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The Daily Cardinal Est. 1892
Monday, December 06, 2021

Halloween in Madison drastically different this year as Freakfest is canceled, gatherings limited

State Street might not look that different than last year at first glance — cop cars cruising up and down the street, groups of yellow-vested officers lining the sidewalk and students walking around in costume.

But this year, officers weren’t looking for Freakfest-related infractions or drug use. They were on the lookout for social gatherings. 

“There will not be any festivities or any other City-permitted event the weekend of Oct. 31, 2020,” the Madison Police Department stated in a letter to area residents. “House parties and other gatherings contrary to the order will not be tolerated.”

Freakfest, the traditional multiple-day spooktacular in downtown Madison, was confirmed to be canceled earlier this month by Deputy Mayor Katie Crawley, while Public Health Madison & Dane County asked residents to avoid all Halloween celebrations. The MPD made preparations ahead of the holiday weekend to curb said gatherings. 

The department announced its plans earlier this month to cite anyone violating Dane County’s Emergency Order #9 with “Creating/Permitting a Health Nuisance,” which carries a price tag of $376 for first-time offenders, with a promise to enforce underage drinking and dispensing alcohol ordinances at all unlawful gatherings. 

“It is important that we don’t welcome revelers in large groups, as those gatherings will violate Public Health regulations and endanger both those gatherings and our whole community. Stay safe and stay home,” Mayor Satya Rhodes-Conway stated.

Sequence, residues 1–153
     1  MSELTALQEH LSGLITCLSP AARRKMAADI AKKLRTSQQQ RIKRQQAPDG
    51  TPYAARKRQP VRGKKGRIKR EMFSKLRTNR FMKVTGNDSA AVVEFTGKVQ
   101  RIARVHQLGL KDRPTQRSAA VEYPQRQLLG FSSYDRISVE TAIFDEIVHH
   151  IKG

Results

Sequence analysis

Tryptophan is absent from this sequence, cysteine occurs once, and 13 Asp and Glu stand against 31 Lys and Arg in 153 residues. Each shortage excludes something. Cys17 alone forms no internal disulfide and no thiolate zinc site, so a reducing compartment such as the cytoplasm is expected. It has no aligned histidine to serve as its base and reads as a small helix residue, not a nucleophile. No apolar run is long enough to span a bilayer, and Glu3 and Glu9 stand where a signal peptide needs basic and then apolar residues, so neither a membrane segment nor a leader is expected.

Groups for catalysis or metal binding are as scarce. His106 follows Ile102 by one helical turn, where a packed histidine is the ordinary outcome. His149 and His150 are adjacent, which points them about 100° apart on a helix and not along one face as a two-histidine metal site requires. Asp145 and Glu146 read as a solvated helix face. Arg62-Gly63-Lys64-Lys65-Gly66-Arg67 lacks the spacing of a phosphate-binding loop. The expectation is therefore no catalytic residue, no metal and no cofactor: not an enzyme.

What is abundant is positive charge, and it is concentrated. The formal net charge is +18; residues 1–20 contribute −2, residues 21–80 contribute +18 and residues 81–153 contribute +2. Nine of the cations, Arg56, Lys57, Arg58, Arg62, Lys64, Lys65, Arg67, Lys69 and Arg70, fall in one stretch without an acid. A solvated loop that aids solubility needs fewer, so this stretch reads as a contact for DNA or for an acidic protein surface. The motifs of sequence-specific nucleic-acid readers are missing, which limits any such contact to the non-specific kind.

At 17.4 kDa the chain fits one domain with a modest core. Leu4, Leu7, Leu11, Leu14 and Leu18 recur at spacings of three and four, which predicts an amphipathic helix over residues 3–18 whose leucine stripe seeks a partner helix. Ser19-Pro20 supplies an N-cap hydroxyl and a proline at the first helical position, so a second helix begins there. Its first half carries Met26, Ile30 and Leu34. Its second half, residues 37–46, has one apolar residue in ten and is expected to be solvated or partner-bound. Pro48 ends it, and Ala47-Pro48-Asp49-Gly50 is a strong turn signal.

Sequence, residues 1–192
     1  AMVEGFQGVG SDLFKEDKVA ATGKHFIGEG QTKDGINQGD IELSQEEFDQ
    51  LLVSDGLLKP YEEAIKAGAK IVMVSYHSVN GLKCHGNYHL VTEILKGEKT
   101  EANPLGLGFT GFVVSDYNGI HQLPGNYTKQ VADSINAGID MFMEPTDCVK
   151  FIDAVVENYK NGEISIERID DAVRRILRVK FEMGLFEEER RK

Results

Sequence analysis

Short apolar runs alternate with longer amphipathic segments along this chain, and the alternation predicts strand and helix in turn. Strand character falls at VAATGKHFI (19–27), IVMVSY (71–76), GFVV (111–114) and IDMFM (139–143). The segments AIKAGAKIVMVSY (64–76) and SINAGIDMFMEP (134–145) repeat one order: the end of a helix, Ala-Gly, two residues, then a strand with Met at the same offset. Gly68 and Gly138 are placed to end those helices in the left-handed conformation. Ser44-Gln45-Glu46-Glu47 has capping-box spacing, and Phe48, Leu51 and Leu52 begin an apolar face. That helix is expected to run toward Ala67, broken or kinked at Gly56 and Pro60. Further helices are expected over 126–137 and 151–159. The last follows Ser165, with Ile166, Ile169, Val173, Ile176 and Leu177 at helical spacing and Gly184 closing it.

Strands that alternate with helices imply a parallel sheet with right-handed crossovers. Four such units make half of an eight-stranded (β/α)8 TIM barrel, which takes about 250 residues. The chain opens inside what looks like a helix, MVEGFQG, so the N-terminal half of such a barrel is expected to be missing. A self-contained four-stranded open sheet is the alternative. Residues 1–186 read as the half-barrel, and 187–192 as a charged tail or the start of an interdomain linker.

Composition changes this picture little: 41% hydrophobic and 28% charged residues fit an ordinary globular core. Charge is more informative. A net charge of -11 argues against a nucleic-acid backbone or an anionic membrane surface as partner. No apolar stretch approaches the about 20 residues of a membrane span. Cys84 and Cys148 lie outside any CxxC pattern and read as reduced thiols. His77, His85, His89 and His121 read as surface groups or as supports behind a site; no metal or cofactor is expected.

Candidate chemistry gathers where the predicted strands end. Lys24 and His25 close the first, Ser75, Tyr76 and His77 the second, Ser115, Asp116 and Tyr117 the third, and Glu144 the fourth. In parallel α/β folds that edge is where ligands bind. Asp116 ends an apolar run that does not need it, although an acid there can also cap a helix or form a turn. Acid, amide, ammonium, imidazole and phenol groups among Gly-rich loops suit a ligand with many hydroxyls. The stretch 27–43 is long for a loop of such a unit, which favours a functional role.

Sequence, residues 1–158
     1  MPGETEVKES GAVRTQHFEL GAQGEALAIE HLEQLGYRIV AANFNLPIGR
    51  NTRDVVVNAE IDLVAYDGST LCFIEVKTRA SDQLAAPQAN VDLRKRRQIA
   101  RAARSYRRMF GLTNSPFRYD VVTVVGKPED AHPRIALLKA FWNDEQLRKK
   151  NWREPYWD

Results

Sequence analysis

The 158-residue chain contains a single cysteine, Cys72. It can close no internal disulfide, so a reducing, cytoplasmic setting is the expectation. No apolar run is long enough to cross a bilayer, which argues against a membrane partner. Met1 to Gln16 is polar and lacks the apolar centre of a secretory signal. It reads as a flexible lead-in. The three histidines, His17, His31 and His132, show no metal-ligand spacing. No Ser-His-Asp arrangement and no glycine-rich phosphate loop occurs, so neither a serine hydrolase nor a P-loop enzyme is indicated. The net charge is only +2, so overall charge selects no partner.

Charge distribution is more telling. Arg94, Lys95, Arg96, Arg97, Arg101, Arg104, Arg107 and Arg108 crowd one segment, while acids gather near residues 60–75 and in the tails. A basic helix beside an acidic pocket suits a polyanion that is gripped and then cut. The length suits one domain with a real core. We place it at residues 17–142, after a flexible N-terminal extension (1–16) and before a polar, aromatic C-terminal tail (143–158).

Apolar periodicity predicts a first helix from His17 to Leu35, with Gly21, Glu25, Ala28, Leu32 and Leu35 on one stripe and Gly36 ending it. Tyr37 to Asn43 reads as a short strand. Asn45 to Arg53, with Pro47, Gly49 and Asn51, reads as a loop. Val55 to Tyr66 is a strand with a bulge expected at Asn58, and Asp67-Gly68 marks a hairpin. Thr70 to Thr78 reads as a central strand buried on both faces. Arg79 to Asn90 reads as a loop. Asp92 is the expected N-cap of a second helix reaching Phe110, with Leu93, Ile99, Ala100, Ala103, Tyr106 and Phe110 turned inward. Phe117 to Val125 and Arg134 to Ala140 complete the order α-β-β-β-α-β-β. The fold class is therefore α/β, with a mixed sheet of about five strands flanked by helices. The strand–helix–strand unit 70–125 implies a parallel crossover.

The threat of citations appears to have done its job, as no incident reports were published by the MPD regarding disturbances, public intoxication or health nuisances in the downtown area over the weekend. 

Public Health reminded residents that those that do attend gatherings to limit indoor events to 10 people, not including household members, and limit outdoor private gatherings to 25 people. To further comply with the county’s emergency order, all attendees of an indoor event must wear masks. 

Roaming groups of students kept their numbers well under the health department’s outdoor gathering limit of 25, while most house parties seemed to limit party attendees to residents and select guests. 

Still, many students were not even comfortable attending parties following the “legal” requirements. 

K, a student who wishes to remain anonymous, attended a party at a friend’s apartment with nine people in attendance, including those that lived there. She left shortly after arriving. 

“No one was really wearing their mask but me. I was definitely uncomfortable as soon as I walked in,” K said. “I dipped out after they wanted to play a drinking game that I didn’t think was COVID-19 safe.”

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Despite precautions and no recorded incidents of public health violations, UW-Madison’s 7-day average for new COVID cases during the Halloween weekend is the highest it's been since the end of September, at just over 30 cases. 

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